2.6 Statistical analyses

The study’s hypotheses were tested using mixed model analysis. Effects with p-values of less than 0.05 were considered significant. In the EC analysis, the dependent variable was the recorded productive worktime consumed per hectare (pwh ha–1) in the experimental unit (Table 2). The EC1 model was used to test the effects of EC’s season H1) and method (H2), the abundance of ground vegetation cover (H3a), and the elevation changes (H3b) in EC worktime consumption. The covariates in the EC1 model were mean density (1000 trees ha–1), removal diameter (cm), and the logarithmic transformation of the unit’s area. We assumed that the work was slower near the borders of the unit, because the worker had to be careful to stay within the limits of the correct area there. The logarithmic transformation of the area of the experimental unit was considered an appropriate variable to explain the proportion of the area suffering from this hindrance.

In the EC2 model, TWI was added, and direct removal figures were excluded. Otherwise, EC2 was identical to EC1. This was done to identify the effect of TWI on the EC time consumption (H3c). The TWI was considered to indicate the ability of broadleaves to inhabit a site, which is why it was not analyzed in the same model as removal.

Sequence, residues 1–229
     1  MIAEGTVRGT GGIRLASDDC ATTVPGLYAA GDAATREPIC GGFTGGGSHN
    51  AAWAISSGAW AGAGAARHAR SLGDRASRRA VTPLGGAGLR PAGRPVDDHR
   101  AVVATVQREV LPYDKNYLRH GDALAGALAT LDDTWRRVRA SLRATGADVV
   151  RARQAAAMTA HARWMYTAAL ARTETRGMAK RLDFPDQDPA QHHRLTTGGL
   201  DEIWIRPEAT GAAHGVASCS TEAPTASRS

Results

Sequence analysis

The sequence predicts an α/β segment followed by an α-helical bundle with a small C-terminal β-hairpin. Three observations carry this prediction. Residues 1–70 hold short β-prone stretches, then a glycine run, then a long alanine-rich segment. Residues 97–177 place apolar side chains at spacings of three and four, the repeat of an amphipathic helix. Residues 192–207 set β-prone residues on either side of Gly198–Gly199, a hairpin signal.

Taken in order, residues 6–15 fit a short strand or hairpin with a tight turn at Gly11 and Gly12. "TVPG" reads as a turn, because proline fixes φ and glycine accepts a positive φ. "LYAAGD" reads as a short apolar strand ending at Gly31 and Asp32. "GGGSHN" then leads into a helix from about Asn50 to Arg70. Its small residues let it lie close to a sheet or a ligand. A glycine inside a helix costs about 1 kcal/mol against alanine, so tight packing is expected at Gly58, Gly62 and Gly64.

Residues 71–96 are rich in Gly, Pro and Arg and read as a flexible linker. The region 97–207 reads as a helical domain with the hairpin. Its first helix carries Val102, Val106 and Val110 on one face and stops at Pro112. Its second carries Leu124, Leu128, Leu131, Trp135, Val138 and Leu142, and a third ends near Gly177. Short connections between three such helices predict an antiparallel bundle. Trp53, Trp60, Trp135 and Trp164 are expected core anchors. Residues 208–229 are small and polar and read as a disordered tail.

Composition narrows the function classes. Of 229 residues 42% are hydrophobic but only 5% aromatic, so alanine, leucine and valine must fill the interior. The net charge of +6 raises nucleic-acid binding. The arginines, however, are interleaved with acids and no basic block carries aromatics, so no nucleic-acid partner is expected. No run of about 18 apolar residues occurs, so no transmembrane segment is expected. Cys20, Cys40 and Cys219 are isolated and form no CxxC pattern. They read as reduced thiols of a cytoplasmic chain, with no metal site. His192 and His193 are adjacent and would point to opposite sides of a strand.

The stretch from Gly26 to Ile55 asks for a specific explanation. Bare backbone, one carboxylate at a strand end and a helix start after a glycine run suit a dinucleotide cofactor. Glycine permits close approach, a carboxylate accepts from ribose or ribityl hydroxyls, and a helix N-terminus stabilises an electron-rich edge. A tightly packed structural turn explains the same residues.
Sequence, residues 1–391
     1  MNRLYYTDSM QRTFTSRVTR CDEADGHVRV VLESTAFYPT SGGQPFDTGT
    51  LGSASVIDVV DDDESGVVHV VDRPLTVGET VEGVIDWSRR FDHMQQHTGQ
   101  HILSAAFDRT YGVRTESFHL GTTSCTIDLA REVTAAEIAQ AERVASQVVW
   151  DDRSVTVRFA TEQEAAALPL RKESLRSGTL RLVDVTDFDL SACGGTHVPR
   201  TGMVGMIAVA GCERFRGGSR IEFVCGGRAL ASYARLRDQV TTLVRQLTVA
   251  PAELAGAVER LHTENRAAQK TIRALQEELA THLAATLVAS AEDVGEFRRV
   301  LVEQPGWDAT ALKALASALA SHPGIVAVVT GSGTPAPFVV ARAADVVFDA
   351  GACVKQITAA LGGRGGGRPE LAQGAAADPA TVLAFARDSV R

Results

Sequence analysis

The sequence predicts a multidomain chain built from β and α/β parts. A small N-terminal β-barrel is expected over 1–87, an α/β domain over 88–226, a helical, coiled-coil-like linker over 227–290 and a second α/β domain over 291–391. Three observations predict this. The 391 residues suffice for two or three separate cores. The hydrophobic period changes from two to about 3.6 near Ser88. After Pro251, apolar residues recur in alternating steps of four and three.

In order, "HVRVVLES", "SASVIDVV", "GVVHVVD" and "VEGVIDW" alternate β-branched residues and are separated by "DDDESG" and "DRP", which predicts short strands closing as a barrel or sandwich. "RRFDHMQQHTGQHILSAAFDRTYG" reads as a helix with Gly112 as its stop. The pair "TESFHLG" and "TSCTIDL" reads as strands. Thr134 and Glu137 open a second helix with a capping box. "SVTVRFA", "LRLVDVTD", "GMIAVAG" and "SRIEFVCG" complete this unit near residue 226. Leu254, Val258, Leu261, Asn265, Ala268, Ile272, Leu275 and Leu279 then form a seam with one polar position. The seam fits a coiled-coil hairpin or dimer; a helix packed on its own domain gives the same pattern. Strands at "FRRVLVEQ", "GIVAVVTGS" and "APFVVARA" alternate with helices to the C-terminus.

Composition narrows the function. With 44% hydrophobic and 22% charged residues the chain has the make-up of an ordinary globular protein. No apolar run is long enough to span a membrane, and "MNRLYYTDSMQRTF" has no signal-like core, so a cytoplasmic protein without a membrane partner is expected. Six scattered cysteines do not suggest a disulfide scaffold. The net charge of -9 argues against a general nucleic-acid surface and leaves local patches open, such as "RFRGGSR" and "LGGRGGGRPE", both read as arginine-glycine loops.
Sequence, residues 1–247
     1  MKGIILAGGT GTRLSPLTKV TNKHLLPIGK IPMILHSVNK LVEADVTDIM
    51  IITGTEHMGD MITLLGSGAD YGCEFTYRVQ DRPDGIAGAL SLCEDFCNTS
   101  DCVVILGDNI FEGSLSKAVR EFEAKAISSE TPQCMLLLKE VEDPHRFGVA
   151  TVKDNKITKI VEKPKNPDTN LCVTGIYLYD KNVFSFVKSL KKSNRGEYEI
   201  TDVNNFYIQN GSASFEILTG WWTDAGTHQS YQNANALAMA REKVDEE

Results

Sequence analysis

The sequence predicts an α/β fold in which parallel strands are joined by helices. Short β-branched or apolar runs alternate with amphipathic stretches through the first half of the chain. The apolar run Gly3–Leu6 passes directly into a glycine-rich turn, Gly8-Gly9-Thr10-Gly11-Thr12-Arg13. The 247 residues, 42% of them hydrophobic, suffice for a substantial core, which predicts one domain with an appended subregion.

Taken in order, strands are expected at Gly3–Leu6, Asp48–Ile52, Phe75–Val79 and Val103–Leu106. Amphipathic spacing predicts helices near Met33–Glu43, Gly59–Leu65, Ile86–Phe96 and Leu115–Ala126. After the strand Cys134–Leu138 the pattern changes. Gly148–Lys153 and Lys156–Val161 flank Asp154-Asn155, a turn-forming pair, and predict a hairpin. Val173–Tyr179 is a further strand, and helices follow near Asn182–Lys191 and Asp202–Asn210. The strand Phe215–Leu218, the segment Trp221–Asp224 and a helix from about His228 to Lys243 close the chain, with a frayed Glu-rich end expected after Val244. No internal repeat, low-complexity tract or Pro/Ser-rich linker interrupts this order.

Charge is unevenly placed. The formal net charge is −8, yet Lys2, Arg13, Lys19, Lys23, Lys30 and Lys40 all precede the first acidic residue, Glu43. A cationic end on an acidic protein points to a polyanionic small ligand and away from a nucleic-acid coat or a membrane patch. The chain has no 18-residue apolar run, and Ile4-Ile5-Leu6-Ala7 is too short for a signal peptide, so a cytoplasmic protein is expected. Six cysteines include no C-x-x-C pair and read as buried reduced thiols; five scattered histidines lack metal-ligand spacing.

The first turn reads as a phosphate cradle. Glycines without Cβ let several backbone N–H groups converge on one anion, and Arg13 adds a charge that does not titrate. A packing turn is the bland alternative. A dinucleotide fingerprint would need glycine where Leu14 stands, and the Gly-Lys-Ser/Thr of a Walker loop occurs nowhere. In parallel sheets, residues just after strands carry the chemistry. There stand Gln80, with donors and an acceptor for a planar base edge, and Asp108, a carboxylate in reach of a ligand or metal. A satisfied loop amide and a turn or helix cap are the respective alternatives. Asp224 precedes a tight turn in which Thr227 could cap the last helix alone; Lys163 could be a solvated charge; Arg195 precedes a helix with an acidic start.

In the analysis of PCT time consumption, the dependent variable was the calculated total worktime consumption (twh ha–1). The PCT1 model was used to test the effect of the EC application season on the time consumption of later PCT (H4). The covariates were the same removal figures from 2010 as in the EC1 model. However, the area of the experimental unit was excluded from the covariates, because the time consumption response variable was calculated from removal and did not depend on the experimental unit’s size.

To test the effect of EC on the growth and development of sprouts between EC and forthcoming PCT according to H4, three more models were built: PCTden; PCTdiam; and HRemo. In PCTden and PCTdiam, the density (trees ha–1) or diameter (mm) of removal in PCT was the dependent variable respectively. In PCTden, the logarithmic transformation of the dependent variable was used to correct the heteroscedasticity of residuals’ variance. In Hremo, the dependent variable was the height of the removal divided by the growing seasons after EC. The main effect in these models was the season of EC application. The covariates were the density (trees ha–1) and diameter (mm) of removal during EC. The plot means per experimental unit was used as an observation in the analyses of PCTden and PCTdiam. They were thus analyzed on the same experimental unit level as PCT1. However, Hremo was analyzed at tree level to separate the different tree species in the analysis, including 168 conifers, 375 silver birches, 877 downy birches, 43 aspens, 336 rowans, 125 salixes, and 6 trees of other species.